Instant mood booster

I’m not usually a big fan of CCM (Christian Contemporary) music, but my work partner listens to it, and I remember hearing this song in her car all the time a few months ago. It was a pretty big hit from what I remember. Sure, the song’s a little cheesy, but Danny Gokey has an amazing voice and his message is uplifting instead of bashing you over the head with religion. You don’t even have to be Christian to get something from it. If I’m down in the dumps, listening to this is an instant mood booster and reminds me there is always hope.

I used the lyric video so you can read the words.

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Free association…thoughts on gratitude, pride and healing.

My head was exploding with ideas for new posts this morning (creative new ideas are almost out of control! Halleluia!) but since none are long thoughts and all came to me as I was running my morning errands and buying a few groceries (By the way, if you’ve never tried Bolthouse Smoothies, you haven’t lived. Blue Goodness is the best. Naked brand smoothies may be a little cheaper. Of course you can make your own too if you’re not lazy like me).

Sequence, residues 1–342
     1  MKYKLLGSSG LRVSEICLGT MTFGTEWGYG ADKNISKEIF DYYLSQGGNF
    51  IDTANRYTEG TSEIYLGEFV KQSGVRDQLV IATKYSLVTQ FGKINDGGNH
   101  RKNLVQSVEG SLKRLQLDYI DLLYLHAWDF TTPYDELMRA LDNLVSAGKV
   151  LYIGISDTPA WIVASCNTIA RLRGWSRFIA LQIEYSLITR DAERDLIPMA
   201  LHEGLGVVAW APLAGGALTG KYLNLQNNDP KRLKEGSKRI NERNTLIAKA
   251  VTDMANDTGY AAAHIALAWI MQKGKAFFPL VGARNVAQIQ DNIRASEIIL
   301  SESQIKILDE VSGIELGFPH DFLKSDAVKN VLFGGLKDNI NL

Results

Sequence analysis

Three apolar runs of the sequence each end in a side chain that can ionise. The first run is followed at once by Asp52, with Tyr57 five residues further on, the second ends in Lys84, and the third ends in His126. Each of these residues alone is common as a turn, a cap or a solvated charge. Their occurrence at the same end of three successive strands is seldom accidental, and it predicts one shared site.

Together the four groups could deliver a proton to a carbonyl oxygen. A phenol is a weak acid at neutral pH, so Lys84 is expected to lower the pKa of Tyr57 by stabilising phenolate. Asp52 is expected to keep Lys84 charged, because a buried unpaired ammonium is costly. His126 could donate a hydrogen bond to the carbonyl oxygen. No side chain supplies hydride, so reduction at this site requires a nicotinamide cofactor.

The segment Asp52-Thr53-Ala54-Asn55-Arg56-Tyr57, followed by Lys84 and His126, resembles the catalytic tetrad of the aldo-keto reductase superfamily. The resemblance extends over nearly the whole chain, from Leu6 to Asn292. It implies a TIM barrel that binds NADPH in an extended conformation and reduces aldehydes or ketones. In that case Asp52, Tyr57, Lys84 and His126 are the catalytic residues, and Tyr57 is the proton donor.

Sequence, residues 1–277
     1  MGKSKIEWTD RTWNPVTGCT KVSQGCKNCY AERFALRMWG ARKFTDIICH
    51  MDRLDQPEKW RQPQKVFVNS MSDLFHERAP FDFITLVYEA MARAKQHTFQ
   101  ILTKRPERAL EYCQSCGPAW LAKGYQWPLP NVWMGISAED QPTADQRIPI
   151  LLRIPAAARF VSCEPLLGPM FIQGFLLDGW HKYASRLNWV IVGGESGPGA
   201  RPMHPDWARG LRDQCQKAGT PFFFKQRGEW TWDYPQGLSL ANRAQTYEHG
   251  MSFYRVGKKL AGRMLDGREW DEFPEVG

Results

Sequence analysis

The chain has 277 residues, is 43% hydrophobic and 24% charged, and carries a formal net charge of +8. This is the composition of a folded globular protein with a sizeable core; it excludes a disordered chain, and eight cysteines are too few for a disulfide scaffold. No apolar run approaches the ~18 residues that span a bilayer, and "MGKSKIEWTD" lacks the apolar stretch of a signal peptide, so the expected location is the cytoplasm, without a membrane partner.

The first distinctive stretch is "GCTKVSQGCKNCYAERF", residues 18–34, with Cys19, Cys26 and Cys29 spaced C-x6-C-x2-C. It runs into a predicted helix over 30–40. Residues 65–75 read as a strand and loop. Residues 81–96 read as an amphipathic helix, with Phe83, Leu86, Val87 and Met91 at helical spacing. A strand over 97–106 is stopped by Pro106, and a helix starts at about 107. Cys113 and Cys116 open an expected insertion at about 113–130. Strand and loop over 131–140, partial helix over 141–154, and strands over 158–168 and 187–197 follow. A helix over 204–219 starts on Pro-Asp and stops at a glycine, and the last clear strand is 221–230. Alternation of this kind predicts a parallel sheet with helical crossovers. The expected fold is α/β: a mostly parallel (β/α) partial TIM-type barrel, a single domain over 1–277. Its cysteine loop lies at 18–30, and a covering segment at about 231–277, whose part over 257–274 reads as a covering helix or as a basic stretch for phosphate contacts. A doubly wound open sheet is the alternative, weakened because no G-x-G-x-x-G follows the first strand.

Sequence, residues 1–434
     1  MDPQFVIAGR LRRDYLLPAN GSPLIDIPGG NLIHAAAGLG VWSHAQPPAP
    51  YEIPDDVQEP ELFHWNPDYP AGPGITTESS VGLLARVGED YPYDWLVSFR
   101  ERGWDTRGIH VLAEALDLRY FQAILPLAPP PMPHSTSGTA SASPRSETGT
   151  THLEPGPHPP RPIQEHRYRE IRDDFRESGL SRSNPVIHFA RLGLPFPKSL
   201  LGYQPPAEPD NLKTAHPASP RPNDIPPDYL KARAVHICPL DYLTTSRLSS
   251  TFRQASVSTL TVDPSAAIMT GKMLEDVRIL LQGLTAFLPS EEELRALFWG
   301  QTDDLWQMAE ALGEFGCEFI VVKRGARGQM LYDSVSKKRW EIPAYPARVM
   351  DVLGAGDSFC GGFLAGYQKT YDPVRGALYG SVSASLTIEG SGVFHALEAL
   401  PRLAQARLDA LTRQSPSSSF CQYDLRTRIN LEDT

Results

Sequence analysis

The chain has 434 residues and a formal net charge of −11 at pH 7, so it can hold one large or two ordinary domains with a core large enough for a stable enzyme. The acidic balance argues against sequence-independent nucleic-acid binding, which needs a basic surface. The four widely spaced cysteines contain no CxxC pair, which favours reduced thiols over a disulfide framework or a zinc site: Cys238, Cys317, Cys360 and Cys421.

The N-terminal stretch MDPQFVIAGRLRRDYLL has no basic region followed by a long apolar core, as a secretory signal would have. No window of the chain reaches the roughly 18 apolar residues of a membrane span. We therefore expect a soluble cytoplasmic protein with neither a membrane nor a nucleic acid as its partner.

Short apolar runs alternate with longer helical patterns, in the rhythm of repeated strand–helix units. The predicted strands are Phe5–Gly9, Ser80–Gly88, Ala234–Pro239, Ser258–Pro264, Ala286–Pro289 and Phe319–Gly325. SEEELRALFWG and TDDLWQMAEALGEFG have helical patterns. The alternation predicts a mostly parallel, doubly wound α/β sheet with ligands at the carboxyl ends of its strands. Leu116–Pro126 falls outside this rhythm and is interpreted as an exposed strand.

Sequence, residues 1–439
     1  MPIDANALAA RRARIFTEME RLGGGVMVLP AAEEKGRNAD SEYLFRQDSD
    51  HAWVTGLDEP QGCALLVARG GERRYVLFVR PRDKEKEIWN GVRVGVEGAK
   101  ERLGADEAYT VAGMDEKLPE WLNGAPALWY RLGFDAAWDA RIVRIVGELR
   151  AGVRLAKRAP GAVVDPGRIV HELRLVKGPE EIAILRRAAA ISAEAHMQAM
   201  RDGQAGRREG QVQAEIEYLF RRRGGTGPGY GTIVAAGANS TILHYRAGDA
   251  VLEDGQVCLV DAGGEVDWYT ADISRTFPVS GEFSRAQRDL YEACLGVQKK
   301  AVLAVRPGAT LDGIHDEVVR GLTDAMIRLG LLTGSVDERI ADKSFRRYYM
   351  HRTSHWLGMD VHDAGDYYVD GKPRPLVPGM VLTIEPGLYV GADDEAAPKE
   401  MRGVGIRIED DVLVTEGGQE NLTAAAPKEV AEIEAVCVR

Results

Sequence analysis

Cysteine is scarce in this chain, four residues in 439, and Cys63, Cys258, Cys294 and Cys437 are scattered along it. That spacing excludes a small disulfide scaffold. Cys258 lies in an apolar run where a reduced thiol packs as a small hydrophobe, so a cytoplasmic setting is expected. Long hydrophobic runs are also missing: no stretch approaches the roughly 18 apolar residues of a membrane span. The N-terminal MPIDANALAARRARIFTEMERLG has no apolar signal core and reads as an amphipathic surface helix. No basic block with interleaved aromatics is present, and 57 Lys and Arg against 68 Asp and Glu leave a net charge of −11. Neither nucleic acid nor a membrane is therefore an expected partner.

Free association #1. My daughter’s victory.

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I got a text from my daughter saying she pressed charges on Paul last night for assault (he had slammed her into the door, which was why it broke) and theft of property (he did still have everything of hers, including most of the money!) and the sociopath who passed himself off as such a “loving” boyfriend was arrested this morning.

Then the unbelievable (well, maybe not so unbelievable) happened. He called her from jail, crying and apologizing over and over again. I would doubt it’s genuine remorse as he is obviously a skilled psychopath–he’s probably just scared to death of her now and the fact he was called out and actually arrested for his despicable behavior, and he lost. I told her I was proud of her for having so much courage and getting justice.

I am ever so grateful. This proves there is justice in the world and karma WILL come back to haunt the evildoers who have no remorse for their actions. At the end of the day, they will get what they deserve, even if it takes longer than we expected. Sometimes we just need to grow some balls (even if we’re female) and throw away the Cowardly Lion act. With God’s grace and patience, we will be vindicated.